Let us change the resolution to 300 pixels per inch, a more typical choice for printing an 8x10 print on a good quality desktop ink jet printer.
Resolution is set by the image editor, YOU, in Photoshop. Resolution describes how many pixels there will be PER INCH.
Replace 72 ppi by 300, and the new dimensions become 9.707 by 14.56. The image is smaller in size in inches, but has a higher resolution in pixels per inch, but still has the same exact pixels it began with.
Be sure to UNCHECK the Resample Image box ( which is checked in the first version seen above ) so you will not create or remove any pixels. You will now have exactly the pixels you started with. NO more, NO less. But the image size IN INCHES changes automatically.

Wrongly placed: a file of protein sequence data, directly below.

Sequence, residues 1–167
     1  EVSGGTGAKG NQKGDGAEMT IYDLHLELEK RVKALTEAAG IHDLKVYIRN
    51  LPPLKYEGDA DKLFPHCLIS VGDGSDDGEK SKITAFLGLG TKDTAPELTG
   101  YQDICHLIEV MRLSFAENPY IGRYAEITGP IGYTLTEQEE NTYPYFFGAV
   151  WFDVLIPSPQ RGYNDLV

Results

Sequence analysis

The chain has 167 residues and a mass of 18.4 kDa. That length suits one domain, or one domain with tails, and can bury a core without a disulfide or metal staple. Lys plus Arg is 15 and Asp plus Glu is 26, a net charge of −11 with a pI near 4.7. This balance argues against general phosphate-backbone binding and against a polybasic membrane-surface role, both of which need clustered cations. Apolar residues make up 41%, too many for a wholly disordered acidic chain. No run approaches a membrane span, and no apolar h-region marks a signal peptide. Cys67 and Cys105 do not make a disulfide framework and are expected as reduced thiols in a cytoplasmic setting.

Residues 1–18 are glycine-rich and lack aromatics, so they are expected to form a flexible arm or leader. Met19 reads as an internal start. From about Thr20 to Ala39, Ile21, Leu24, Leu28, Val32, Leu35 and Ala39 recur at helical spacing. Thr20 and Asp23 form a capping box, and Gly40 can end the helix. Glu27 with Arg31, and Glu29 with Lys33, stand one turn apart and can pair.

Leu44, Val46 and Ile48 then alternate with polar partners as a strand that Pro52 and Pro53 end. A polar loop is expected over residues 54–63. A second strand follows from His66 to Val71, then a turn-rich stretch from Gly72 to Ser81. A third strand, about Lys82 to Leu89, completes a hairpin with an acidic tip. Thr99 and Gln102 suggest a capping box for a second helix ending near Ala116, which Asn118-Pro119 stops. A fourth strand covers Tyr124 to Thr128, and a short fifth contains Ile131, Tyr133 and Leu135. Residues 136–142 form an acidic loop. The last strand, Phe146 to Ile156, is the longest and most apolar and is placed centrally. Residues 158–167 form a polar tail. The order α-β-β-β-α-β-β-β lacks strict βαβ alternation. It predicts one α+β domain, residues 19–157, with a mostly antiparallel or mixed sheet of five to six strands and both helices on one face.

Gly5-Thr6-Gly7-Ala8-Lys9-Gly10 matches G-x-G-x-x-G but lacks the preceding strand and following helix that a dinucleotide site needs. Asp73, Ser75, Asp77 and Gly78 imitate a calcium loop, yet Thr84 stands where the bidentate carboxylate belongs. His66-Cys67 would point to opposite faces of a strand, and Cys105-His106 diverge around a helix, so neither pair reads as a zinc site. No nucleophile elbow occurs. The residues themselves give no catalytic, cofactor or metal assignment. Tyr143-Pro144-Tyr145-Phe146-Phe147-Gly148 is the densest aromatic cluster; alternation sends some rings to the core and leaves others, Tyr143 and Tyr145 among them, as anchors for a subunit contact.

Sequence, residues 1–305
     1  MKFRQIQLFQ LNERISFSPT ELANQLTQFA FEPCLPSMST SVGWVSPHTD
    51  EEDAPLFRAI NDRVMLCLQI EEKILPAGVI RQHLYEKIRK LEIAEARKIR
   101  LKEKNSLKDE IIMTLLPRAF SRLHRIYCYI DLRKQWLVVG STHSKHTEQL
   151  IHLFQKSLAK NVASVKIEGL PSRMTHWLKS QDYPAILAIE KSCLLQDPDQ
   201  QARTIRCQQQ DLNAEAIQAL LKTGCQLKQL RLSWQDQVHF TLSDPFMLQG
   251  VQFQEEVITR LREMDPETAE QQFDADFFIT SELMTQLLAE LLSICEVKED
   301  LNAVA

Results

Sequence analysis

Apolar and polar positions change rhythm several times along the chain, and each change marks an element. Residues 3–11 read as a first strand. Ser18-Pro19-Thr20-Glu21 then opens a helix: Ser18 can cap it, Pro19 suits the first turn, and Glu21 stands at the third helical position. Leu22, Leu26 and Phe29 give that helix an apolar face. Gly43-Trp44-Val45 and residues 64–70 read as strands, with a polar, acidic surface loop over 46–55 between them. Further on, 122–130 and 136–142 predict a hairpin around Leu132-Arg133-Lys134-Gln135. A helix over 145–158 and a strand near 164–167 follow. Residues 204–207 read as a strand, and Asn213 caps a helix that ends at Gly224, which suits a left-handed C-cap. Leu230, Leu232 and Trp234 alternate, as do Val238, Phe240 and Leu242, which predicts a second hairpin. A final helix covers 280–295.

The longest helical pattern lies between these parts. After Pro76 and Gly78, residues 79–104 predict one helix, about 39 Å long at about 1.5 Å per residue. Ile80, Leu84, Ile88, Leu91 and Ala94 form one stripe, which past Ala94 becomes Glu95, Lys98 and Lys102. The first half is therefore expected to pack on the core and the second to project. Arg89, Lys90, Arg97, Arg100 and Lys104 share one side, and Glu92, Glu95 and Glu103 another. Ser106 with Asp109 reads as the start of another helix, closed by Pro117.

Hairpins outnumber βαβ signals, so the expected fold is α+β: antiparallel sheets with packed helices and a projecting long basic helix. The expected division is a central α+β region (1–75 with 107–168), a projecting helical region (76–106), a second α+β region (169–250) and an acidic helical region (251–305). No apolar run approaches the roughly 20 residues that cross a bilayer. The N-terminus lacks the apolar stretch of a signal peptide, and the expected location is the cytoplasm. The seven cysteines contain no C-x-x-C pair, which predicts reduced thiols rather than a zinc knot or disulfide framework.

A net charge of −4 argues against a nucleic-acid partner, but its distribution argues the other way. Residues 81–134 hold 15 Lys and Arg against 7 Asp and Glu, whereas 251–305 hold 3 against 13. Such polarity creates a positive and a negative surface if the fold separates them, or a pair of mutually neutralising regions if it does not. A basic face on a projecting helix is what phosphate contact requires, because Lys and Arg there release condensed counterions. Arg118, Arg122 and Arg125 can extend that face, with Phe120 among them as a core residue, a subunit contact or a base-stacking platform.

Historically, 72 pixels per inch is standard resolution for web based images, while images destined for printing need resolutions in the order of 180- 360 pixels per inch.
Counter-intuitively, larger prints can be printed at much lower pixels per inch ( at only ~150 pixels per inch) because they are usually viewed from a greater distance - such as a billboard along a highway viewed at 100 feet versus an 8 by 10 inch print viewed at 8 inches.
The original image must have enough TOTAL pixels to achieve a satisfactory pixels per inch, to allow an image to be displayed in a print or on a monitor with appropriate sharpness and detail.
Too few pixels per inch will result in a loss of sharpness and detail.